In California, the property acquired or earned by either spouse during the marriage, is considered community property. California law mandates an equal split of community property (division of property). While many people are aware that items like houses, cars and other physical property must be divided during a divorce, they forget about life insurance. Life insurance can be a community asset, which is divided based upon the type of coverage.
Term Life Insurance
Term life insurance gives the policyholder coverage for a proscribed period of time, specified by the specific policy terms. Term life insurance tends to be the least expensive type of coverage available, since it will only cover the holder for a limited period. In addition, the premium only pays for the insurance policy. Once the term ends, the holder may renew the policy, but the premiums tend to increase with each renewal, as the policyholder ages.
Permanent Life Insurance
Permanent life insurance tends to be more expensive than term life insurance, because it covers the holder for their entire life, provided they continue to pay the premiums. Most permanent life insurance policies have a set premium that will not increase over the life of the policy. The premium paid is actually greater than the cost of the insurance policy, so the insurance company will often invest the extras. Permanent life insurance offers the possibility of dividends and interest earned from the extra money that is invested. The policy holder may elect to invest the extra income, borrow against case value of the policy, or terminate the policy to receive the cash surrender value.
A person seeking permanent life insurance has several options:
Whole Life Insurance
A whole life insurance policy allows the policyholder to receive coverage during their whole lifetime, provided they continue to pay the premiums. The excess payments from the premiums continue to build as the policy goes forward. A policyholder may then borrow from the cash reserve or later surrender the policy and receive its cash value.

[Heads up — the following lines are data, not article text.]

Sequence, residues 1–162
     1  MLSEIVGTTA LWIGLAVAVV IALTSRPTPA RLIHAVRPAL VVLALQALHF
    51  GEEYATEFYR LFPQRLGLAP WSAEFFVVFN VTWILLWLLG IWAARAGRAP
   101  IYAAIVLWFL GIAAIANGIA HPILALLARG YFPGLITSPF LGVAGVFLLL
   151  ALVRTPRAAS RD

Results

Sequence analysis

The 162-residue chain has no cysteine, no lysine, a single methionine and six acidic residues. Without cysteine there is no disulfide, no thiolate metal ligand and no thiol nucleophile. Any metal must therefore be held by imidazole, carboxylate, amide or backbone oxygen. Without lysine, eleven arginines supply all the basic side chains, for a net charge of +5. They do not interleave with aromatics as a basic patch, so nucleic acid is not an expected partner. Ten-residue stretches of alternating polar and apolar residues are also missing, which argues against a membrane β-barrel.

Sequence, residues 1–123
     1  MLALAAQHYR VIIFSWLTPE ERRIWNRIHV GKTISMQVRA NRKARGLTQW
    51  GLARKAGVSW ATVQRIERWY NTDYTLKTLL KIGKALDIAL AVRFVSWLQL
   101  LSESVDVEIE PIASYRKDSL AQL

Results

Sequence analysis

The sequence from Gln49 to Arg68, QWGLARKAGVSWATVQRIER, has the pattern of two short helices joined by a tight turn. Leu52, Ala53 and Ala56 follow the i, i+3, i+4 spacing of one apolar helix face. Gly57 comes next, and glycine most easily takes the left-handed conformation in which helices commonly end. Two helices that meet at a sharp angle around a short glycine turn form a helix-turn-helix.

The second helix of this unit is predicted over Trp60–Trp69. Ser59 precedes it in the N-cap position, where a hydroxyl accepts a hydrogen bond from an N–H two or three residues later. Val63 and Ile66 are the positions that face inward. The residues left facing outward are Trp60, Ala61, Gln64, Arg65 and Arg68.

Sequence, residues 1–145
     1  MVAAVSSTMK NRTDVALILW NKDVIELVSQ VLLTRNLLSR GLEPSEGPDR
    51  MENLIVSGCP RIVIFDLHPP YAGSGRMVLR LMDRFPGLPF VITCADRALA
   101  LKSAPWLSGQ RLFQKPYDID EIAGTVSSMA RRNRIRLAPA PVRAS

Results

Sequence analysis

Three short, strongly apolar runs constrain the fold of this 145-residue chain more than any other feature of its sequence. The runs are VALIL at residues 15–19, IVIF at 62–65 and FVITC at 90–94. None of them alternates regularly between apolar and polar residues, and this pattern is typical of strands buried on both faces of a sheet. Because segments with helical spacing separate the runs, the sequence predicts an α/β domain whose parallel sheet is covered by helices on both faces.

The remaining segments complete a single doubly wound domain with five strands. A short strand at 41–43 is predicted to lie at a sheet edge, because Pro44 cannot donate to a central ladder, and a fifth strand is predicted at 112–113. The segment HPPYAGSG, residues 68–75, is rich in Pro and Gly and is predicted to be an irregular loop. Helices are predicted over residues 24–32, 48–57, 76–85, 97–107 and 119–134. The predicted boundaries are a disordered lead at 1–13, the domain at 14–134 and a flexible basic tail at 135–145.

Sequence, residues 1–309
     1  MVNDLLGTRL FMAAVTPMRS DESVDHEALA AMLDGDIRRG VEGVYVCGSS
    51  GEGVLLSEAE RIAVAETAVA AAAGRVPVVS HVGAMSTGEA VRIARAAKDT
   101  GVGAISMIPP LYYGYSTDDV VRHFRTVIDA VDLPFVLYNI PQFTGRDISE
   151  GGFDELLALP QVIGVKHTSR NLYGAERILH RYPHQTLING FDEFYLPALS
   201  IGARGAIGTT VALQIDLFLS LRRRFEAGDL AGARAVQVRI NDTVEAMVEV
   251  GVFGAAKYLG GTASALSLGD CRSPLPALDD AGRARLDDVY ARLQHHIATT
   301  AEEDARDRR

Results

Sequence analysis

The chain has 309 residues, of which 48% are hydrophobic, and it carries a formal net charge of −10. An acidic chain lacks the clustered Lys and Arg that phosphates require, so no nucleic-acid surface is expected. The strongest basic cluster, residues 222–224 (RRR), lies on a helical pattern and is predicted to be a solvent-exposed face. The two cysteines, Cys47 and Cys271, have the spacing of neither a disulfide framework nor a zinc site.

Universal Life Insurance
Universal life insurance provides a more flexible approach than traditional permanent life insurance. Universal life insurance allows a policyholder to change the amount of their insurance, adjust their death benefit, and, accordingly, adjust their premium payments. Universal life insurance policies cost less than a typical whole life insurance policy. Policyholders still retain the ability to borrow or withdraw money from the cash reserve.
Variable Life Insurance
Variable life insurance policies involve the investment of a policyholder’s cash reserve into stocks, bonds, and other securities. A variable life insurance policy’s death benefit is based upon the performance of the policy holder’s investments. Typically, the insurance company will guarantee a minimum return.
Variable Universal Life Insurance
Variable universal life insurance allows a policyholder to change the amount of their insurance coverage, thereby changing both the premium payments and death benefit. It also allows the policyholder to invest the excess money from their cash reserves.
Single Premium Life Insurance
Single premium life insurance policies require only one, up-front premium payment. Once the one-time premium is paid, the policy accumulates cash value and will distribute its proceeds to the policy’s beneficiaries.
Survivorship Life Insurance
Survivorship life insurance policies are single policies that cover two people for one insurance benefit. The policy pays out onoly after both of the policyholders die.
Typically, a term life policy is not community property, since its duration is so short, and would not be divisible in a divorce proceeding. However, any whole life policy that accumulates cash value can be treated as community property. As a result, if the policy is considered community property it will be considered divisible during the divorce proceeding.